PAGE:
Springtime in the Vineyards
Springtime is here in California vineyards! Grapevines, just like your beloved garden at this time of the year, need some care and attention. Let’s see what vineyard managers and workers are up to this season.
The vineyard dormancy is over; buds are swelling and the first leaves have started to appear. Vines pruned early, as well as many white varietals, are usually first to start growing. This time of year is exciting, as a new vintage is being born right before our eyes. Yet it is equally scary due to the danger of an early frost.
Many areas of the country experience frost during the early spring. The emerging buds that form the first leaves are very susceptible to freezing. If they are killed by frost, they will not bear fruit this year. Bud-break can occur from March to April, with the risk of frost usually ending around May. Significant percentages of a grape crop can be lost (up to 60%) if the frost is severe.
Large vineyard fans are often used to disturb the cold air at ground level, mixing it with the warmer air above. However, the most common frost-fighting practice is the use of traditional overhead sprinklers. If water continues to be applied and continues to freeze, the plant will stay just above 32°F.
Vineyard managers are very lucky for the all the rainfall that California is currently receiving. During periods of drought, water ponds are unavailable to supply this overhead sprinkler protection. After this winter, all of them are now at full capacity.
Managing the Soil
In grape-growing regions that receive abundant spring and summer rainfall, vineyard managers face the challenge of highly vigorous vines. They often utilize competitive cover crops on vineyard floors to reduce water availability in the soil. There are numerous options for cover crops. Four factors are usually considered: regional adaptation, erosion control, impact on soil nutrient content and influence on the vineyard ecosystem including fungi, insects and other animals.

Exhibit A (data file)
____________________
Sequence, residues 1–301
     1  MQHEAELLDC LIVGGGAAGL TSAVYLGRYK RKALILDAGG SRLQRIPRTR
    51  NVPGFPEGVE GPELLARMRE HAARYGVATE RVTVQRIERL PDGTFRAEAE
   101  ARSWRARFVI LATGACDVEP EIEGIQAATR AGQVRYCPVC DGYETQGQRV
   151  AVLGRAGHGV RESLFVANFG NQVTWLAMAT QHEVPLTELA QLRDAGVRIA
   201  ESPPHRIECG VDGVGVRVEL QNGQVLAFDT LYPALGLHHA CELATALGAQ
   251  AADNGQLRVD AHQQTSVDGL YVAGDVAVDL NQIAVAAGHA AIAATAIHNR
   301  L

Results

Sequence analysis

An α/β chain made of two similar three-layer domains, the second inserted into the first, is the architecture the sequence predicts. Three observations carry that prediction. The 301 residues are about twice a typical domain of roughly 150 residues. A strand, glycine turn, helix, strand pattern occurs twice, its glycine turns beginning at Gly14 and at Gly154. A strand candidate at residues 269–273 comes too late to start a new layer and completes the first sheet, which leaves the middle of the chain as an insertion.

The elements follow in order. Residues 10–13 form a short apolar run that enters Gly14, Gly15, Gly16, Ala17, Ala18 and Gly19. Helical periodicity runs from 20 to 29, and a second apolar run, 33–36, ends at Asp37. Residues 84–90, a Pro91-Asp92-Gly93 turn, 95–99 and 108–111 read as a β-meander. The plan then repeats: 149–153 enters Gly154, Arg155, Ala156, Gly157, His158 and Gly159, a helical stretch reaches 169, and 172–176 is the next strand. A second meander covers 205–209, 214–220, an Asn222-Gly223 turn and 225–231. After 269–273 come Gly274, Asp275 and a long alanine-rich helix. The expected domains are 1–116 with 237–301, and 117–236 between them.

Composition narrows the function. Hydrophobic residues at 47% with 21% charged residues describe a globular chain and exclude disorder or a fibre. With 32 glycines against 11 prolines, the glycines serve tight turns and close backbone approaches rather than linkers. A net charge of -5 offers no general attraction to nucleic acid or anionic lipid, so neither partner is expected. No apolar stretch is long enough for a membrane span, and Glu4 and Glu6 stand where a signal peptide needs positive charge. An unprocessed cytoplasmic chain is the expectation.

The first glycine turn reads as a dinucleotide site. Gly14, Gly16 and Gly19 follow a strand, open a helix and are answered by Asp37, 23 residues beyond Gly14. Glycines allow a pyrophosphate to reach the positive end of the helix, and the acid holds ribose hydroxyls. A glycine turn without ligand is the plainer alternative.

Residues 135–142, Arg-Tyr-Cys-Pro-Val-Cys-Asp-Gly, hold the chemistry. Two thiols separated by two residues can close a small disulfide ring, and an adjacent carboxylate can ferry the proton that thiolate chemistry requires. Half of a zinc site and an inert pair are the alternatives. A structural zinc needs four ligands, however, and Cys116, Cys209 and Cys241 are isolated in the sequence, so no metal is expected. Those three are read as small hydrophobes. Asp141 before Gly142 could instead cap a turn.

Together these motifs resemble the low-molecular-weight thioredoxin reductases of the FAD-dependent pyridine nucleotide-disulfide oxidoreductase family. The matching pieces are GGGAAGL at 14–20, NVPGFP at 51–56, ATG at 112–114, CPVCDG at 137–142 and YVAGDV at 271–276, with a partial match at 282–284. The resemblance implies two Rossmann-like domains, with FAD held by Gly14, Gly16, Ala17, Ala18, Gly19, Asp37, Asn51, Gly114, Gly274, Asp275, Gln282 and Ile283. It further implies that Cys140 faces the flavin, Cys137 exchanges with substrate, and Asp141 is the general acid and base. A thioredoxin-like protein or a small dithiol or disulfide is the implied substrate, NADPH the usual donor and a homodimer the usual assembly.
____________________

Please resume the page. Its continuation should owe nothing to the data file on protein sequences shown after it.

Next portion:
The soil of some vineyards is deep enough that no cover crops are required. These vineyards are generally plowed at this time of year. On the positive side, this tillage loosens and aerates the top layer of soil, mixing residue like organic matter and other nutrients evenly into the soil. On the negative side, this cultivation method reduces the ability of the soil to store water, which is particularly important during hot summer months.
When rainfall exceeds the infiltration rate (the rate which soil absorbs water) it can result in runoff and erosion. Tillage is delicate work, as you don’t want to reduce the amount of microbes, earthworms, ants and other beneficial insects in the vineyard. Compacting the soil with frequent tractor passage can result in the destruction of soil aggregates, and in extreme cases, cause asphyxia of the grapevine roots.
These are just some of the factors that need tending to during springtime. Acres of vineyards need to be cared for and treated as if they were a single plant in your backyard. Making wine from the grapes of a single plant, like this bonsai, would be fun but would require quite a few to accommodate our needs and your insatiable thirst for WineShop At Home wines!